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Bulletproof is The New Black

Backpacks, cars, panties, and tank tops are all getting the “bulletproof” treatment.

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Miguel Caballero has shot over 230 people in almost thirty years.
 
He’s shot himself a couple of times too.
  
Instead of admonishing Caballero for being (quite literally) trigger happy, people are lining up to be shot by him, eager to prove the quality of his bullet-resistant couture.
 
It’s a risk they’ve all been willing to take.
 
Lucky for them, the fashionable t-shirts, jackets, and vests have all proven to be efficacious, successfully protecting its wearers against rounds fired out of assault rifles and handguns.
 
The Colombian designer, who founded the eponymous company in the height of street violence and instability in his home country, promises that his "personal ballistic protection solutions" will not only function as intended, but also look incredibly sleek, suave, and sexy on its wearer. Miguel Caballero. Zuma Press/Newscom. As seen on The Christian Science Monitor. All of Caballero's creations are recognized by the U.S. National Institute of Justice in the standardized rungs of IIA, II, IIIA, III, and IV protection levels. Without getting too technical: these jackets are not for the faint of heart. Military personnel, law enforcement, private security, businessmen, heads of state, and personalities, are Caballero's target audience (and, well, at times his target practice). 
 
Even David Blaine, the quintessential contemporary illusionist, has gotten in on the fun (if you could call it that). And though Caballero started out in the war-torn, poverty-stricken, narco-inflicted Colombia of the 1990s, he's recently realized that there's another nearby country in the Western Hemisphere with a high demand for bulletproof fashion: The United States of America.
 
As of now, there have been eleven school shootings in 2018.
 
It's only January 26th.
 
The Gun Violence Archive, a nonprofit corporation committed to providing a public database for gun-related violence in the nation, puts the number of incidents at 3,680 thus far in 2018.
 
Injuries total 1,814. Deaths total 1,015.
 
Caballero isn't the only one tapping into this market, which is booming in the U.S. and abroad. Grandview Research, in a study, released two years ago, anticipates that the "global ballistic protective equipment market" will be worth $5,750,000,000 by 2025.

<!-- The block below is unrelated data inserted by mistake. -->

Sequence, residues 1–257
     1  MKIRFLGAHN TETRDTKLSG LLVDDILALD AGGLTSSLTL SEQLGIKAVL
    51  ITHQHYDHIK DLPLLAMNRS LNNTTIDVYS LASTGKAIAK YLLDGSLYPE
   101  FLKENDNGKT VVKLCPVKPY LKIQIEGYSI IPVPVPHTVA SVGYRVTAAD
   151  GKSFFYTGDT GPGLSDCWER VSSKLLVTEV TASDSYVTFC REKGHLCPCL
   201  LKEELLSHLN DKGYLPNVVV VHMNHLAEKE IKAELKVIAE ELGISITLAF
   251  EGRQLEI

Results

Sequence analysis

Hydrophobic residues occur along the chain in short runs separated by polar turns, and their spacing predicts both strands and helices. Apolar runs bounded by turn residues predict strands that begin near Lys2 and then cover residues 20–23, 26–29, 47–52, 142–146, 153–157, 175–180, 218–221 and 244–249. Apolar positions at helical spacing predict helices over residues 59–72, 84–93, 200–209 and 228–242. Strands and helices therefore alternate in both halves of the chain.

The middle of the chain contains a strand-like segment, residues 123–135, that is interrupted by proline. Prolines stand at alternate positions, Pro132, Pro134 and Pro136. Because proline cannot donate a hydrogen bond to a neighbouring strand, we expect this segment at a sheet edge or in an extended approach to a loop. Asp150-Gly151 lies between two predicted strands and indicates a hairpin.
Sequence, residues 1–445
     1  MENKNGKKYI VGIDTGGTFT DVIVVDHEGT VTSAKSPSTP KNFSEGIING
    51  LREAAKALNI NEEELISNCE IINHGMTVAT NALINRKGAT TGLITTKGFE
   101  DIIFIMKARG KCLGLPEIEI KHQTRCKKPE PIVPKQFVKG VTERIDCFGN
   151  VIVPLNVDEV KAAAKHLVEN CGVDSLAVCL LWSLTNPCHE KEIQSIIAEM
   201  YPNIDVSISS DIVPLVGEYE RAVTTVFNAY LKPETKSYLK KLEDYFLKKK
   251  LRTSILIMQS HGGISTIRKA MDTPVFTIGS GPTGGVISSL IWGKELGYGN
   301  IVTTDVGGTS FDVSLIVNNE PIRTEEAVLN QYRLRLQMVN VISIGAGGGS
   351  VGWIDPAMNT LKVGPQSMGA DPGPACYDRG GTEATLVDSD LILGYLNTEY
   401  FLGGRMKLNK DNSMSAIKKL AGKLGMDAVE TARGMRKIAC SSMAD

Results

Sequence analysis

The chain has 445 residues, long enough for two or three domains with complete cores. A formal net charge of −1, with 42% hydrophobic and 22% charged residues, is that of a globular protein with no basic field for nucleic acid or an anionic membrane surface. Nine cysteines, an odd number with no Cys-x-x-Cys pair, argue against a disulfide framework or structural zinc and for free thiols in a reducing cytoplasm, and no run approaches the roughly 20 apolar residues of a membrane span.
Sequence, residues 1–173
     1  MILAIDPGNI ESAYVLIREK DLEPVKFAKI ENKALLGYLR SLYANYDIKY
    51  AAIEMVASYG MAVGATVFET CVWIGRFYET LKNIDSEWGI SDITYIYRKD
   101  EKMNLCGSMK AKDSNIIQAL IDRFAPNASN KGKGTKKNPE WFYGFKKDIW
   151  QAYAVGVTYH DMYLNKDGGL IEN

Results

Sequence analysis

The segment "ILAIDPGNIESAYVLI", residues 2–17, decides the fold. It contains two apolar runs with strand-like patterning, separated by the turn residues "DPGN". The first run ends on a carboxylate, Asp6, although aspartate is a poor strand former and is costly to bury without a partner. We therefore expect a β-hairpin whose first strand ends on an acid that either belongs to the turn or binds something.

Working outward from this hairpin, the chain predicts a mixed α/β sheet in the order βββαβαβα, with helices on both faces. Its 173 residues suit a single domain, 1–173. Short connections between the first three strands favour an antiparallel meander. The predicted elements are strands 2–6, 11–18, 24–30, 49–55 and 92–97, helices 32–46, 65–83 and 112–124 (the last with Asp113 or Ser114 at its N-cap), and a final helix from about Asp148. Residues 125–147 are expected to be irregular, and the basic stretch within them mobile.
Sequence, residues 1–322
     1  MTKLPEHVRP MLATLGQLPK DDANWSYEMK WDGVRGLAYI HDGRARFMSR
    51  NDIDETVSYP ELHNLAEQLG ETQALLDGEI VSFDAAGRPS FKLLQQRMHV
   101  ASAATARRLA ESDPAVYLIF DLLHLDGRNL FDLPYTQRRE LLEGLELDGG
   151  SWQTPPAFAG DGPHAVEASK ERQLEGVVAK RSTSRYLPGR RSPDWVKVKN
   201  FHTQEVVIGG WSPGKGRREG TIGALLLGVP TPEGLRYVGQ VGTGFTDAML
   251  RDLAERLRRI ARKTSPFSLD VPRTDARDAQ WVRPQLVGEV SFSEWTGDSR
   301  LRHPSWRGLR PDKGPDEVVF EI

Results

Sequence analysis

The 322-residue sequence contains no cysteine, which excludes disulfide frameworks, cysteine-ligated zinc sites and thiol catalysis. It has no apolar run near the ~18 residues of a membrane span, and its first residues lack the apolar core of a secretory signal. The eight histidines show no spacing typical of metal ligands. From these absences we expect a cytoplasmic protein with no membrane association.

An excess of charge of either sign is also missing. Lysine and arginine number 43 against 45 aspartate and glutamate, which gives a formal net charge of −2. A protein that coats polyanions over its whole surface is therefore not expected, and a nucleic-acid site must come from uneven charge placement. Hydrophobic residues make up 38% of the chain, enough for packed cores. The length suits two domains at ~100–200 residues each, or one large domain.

Unfortunately for us, Caballero's designs are not budget-friendly solutions to safety. At nearly $5,000 a pop for a jacket, it really beckons the question of the price tag you would put on your own life. 
 
Caballero's bulletproof wear isn't designed for women or children, either.
 
A Wake Forest University sociology professor who is an expert in U.S. gun culture, David Yamane, spoke with Scott Burton of Body Armor News (how apt) in an interview last month about this preference for males when designing bulletproof clothes: 
"Men have historically been society's protectors, in terms of the country as a whole, the community, and the family. This is why men are far more likely to end up in harm's way. Men are the more likely victims of assault and everyday violence. Men are more likely to be targeted and killed because they hold the primary positions of power in society, including political, economic, and cultural."
But, surely, we can't let the women and children lag behind? After all, though they may not "historically" be "society's protectors," they certainly have always been seen as society's most vulnerable. 
 
The Daily Mail reported on January 8th that an Indian teenager, by the name of Seena Kumari, has developed a prototype rape-proof and bulletproof underwear that would go on the market for about 70 dollars a pair.
 
Florida Christian School, a K-12 nondenominational private school in Miami, offers parents the opportunity to buy "bulletproof panels" for backpacks on their school website. The panels are by Applied Fiber Concepts, founded by a Latino engineer, Alex F. Cejas. Another Florida-based company, Guard Dog Security, distributes "back to school" ballistic protection, including a bulletproof calendar. 
 
As bleak as it sounds: if gun violence is the new normal, it only makes sense to adapt to the times, and the market is just following the trend. 
 
But, it doesn't have to stay this way. 
 
Watch this powerful TED Talk from Dan Gross, president of the Brady Campaign to Prevent Gun Violence, to inspire action and change for the better: 
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